Putting the “Smart” into the Dar Smart Bridge
Part Two: Exploring the Materials and Sensors for Printing a 5m Smart Bridge
What if the bridges of tomorrow were sentient? What if they interacted with their users and learned from their own experience to improve the next generation. What if the bridges of tomorrow were able to build themselves using past experience and knowledge of their surroundings. What if a robot could arrive at a river and print its way across.
At Autodesk Research, we explore new ways of designing, making, and building things. We often work with our customers to prove out these new workflows. With Dar, an international consulting organization for the Architecture, Engineering, and Construction industry, we set out to explore a new workflow for creating civil infrastructure, using technologies more familiar to the manufacturing industry.
In this three-part series, I will share the design process, the materials and sensors we used, and the manufacturing process for successfully 3D printing our 5m smart bridge.
Part 2: Materials and Sensors
The Dar 5m bridge was printed from fiber-reinforced polymers. For large-scale printing, these polymers are supplied in granulate form, with chopped lengths of fiber captured within. This granulate material is typically dried in an industrial dryer, before being blown to an extruder where it is melted for extrusion.
Choosing the right material for this project was a difficult process. As an emerging technology, new suppliers and material grades are appearing regularly. Among many other criteria, we agreed it was critical to find a material that was recycled (and recyclable at the end of the bridge’s life) while strong enough to be used seriously in a piece of civil infrastructure. We posit that if recycled materials can be used for such high-performance applications, they can certainly be used for any other less-critical components.
We tested a variety of materials, and considered many parameters for each, before deciding to work with Mitsubishi Chemical Performance Polymers (MCPP), who were able to provide materials that balanced these competing factors.
MCPP helped us to select the ideal grade of material which would meet our challenging strength requirements. The material is composed of 70% PETG taken from post-industrial waste, and 30% glass fibers by weight.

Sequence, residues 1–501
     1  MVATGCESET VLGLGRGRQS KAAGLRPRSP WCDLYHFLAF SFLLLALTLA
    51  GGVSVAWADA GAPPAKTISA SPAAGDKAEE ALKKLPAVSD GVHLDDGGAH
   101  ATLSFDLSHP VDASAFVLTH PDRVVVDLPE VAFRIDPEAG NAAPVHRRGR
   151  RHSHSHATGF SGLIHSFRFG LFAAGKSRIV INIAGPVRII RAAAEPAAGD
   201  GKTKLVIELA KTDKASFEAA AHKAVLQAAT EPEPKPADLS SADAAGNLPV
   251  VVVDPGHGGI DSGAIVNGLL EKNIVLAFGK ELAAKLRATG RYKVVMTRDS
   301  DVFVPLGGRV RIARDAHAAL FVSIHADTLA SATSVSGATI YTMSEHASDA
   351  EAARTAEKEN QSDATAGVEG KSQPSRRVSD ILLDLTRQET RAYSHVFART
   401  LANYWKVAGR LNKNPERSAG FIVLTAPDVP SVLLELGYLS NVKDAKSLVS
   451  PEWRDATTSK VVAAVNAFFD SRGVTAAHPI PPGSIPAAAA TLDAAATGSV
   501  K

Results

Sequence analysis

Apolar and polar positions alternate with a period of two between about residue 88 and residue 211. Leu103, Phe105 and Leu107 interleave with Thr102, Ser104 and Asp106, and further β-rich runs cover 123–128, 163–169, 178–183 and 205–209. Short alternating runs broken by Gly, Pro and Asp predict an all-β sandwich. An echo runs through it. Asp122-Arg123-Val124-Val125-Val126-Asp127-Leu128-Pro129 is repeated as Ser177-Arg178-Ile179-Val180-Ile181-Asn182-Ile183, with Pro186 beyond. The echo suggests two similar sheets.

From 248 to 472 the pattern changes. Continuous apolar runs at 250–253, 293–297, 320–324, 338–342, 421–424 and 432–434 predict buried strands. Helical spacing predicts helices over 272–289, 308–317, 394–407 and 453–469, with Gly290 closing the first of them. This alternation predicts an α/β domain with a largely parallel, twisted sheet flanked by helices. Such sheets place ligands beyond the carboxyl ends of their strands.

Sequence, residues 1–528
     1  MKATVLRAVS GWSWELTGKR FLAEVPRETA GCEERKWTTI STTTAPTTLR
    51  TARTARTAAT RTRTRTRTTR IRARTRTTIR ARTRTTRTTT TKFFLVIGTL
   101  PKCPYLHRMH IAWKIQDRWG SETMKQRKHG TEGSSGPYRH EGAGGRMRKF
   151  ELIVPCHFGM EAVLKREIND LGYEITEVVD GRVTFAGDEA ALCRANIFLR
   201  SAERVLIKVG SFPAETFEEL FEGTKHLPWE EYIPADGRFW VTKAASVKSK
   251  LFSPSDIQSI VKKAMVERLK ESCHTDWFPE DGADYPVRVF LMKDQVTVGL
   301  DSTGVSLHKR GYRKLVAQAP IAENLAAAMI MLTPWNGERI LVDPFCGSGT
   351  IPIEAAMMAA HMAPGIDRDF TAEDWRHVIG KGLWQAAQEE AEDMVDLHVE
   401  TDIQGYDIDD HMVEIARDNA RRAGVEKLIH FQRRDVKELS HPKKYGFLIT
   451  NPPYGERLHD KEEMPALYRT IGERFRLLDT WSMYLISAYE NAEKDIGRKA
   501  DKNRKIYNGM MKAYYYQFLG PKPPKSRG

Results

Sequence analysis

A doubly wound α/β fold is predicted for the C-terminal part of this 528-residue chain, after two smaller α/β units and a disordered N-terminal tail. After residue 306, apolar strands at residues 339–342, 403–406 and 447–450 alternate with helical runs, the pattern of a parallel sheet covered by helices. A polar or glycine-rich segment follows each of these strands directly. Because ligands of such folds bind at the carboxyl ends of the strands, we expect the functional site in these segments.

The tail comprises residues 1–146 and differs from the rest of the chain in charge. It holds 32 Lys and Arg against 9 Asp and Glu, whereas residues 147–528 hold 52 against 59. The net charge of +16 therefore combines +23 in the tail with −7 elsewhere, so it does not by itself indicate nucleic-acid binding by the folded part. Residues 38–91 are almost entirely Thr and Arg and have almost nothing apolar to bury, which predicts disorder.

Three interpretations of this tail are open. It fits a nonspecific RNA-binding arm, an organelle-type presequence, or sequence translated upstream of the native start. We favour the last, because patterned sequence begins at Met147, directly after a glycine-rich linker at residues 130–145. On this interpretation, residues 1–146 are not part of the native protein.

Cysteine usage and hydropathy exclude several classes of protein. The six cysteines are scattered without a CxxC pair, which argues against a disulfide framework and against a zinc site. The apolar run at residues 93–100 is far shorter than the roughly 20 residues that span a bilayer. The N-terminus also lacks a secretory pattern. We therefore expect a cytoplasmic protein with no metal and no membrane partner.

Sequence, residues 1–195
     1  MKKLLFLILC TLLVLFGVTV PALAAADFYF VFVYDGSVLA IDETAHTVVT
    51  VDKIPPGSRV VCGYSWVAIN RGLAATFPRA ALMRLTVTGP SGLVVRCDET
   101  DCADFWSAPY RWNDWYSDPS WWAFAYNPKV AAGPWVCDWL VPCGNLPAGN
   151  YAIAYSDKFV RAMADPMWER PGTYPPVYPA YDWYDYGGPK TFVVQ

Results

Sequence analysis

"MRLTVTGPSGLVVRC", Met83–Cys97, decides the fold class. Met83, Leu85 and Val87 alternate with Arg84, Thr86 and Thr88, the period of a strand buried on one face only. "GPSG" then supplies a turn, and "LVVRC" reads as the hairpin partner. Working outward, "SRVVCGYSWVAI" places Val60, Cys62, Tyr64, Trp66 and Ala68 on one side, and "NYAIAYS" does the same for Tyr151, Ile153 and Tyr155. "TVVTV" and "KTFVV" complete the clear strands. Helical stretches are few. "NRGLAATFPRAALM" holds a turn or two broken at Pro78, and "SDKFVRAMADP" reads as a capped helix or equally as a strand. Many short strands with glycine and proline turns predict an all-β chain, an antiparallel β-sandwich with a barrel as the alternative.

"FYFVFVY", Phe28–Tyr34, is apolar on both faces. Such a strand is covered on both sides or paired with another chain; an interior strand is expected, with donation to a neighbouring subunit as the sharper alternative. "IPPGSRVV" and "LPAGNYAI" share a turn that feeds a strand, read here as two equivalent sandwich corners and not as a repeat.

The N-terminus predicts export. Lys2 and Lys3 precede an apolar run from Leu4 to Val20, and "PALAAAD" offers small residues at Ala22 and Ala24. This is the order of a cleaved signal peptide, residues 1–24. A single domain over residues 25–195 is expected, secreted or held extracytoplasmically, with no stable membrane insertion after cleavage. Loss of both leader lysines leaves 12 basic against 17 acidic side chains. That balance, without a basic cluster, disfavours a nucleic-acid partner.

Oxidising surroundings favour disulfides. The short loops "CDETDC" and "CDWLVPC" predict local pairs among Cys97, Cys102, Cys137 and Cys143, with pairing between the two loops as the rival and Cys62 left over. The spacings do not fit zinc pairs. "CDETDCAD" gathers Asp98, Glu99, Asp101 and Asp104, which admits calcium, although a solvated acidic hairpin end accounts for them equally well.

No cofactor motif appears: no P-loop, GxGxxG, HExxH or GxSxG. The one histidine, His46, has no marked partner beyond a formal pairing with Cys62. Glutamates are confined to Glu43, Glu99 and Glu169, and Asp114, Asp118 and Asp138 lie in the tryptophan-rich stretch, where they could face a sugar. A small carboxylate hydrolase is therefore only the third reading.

As is the case with all materials we looked at, some data we need isn’t included in the Technical Data Sheet as standard. These polymer granulates are traditionally used in injection molding, which produces parts with relatively isotropic material properties, unlike 3D printed parts which are printed in layers. Given that ASTM and ISO standards do not yet exist for additive manufacturing, it follows that Technical Data Sheets are still tailored towards the more established technology of injection molding.
In the image below, a dog-bone specimen cut at 0° to the layer will be significantly stronger than one cut at 90° to the layer.
And so, we conducted a range of tests ourselves. This included tests for tensile, compressive, and shear strength in these directions, and a study on the impact of interlayer temperature on the tensile strength. We know 3D printed parts almost always have lower tensile strength perpendicular to the layers, but this can be compounded by poor interlayer adhesion. Due to the print direction, our bridge relies heavily on these interlayer bonds, which is why it was imperative to understand the impact of interlayer temperature. We conducted a range of test prints where we measured the temperature of the previous layer immediately before the next layer was deposited, cut out dog-bone coupons, tested them in a lab, and used the results to infer the minimum and maximum temperature range the print must stay within to meet our strength requirements.
These tests would be futile if we weren’t able to keep the part within the temperature window we defined. We used a thermal imaging camera and sensors to monitor the temperature of every layer of the print. From this data, we can verify that each layer is within the temperature region we required, to give confidence the bridge will be as strong we intended. The intent is to formally publish the results of these tests soon.
Making a ‘Smart’ Bridge
As the owner of a piece of civil infrastructure, what information would you want to know? Perhaps you want to know how much foot traffic it sees in a day. Or perhaps you want to know the stress and wear that pedestrians and weather put on the bridge over the years. By embedding strain, temperature, and humidity sensors into the bridge, we are able to collect a wide range of data to give the bridge life, allowing it to report back on its health and usage statistics.
To integrate the sensors seamlessly into the design, we ran cables through the bridge branches. These cables terminated at predetermined sensor points where we installed strain gauges.
Meanwhile, we cut channels into the top deck, and embedded Fibre Bragg Grating sensors. These sensors look like plain glass fibres, but with grating etched at defined locations along their length. The technology is pretty interesting – you can find out more on the sensors we used here.
With all this data, how do we present it in a way that is meaningful and engaging to a user? That’s where the work of another of our Research teams comes in. Project Dasher is a visualisation tool that contextualises data from sensors monitoring real world performance into a virtual 3D environment. For the Dar bridges, the concept was demonstrated by overlaying strain values in real time on the CAD model.
More to come soon on the manufacuturing process!
Peter Storey is a Research Engineer at Autodesk.
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